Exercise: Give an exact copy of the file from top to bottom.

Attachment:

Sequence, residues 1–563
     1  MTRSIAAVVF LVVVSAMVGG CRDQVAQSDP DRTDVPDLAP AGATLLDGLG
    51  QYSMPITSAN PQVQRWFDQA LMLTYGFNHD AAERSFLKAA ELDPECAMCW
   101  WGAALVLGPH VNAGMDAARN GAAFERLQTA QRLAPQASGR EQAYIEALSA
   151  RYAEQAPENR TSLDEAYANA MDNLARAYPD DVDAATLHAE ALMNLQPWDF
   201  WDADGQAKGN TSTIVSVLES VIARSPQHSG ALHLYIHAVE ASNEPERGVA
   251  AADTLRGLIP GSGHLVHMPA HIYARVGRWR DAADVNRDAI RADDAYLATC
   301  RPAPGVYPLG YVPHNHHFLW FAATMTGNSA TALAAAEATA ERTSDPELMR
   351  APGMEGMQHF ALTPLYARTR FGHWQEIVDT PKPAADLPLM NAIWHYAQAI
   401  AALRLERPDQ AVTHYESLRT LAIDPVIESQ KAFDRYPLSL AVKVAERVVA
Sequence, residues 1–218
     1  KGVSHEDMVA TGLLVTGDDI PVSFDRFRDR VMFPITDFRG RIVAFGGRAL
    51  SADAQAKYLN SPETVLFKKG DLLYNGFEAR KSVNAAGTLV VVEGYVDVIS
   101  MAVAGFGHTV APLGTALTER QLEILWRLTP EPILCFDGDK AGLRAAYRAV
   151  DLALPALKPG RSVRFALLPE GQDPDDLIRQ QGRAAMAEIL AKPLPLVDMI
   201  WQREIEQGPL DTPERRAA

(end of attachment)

Sequence, residues 1–563
     1  MTRSIAAVVF LVVVSAMVGG CRDQVAQSDP DRTDVPDLAP AGATLLDGLG
    51  QYSMPITSAN PQVQRWFDQA LMLTYGFNHD AAERSFLKAA ELDPECAMCW
   101  WGAALVLGPH VNAGMDAARN GAAFERLQTA QRLAPQASGR EQAYIEALSA
   151  RYAEQAPENR TSLDEAYANA MDNLARAYPD DVDAATLHAE ALMNLQPWDF
   201  WDADGQAKGN TSTIVSVLES VIARSPQHSG ALHLYIHAVE ASNEPERGVA
   251  AADTLRGLIP GSGHLVHMPA HIYARVGRWR DAADVNRDAI RADDAYLATC
   301  RPAPGVYPLG YVPHNHHFLW FAATMTGNSA TALAAAEATA ERTSDPELMR
   351  APGMEGMQHF ALTPLYARTR FGHWQEIVDT PKPAADLPLM NAIWHYAQAI
   401  AALRLERPDQ AVTHYESLRT LAIDPVIESQ KAFDRYPLSL AVKVAERVVA
Sequence, residues 1–218
     1  KGVSHEDMVA TGLLVTGDDI PVSFDRFRDR VMFPITDFRG RIVAFGGRAL
    51  SADAQAKYLN SPETVLFKKG DLLYNGFEAR KSVNAAGTLV VVEGYVDVIS
   101  MAVAGFGHTV APLGTALTER QLEILWRLTP EPILCFDGDK AGLRAAYRAV
   151  DLALPALKPG RSVRFALLPE GQDPDDLIRQ QGRAAMAEIL AKPLPLVDMI
   201  WQREIEQGPL DTPERRAA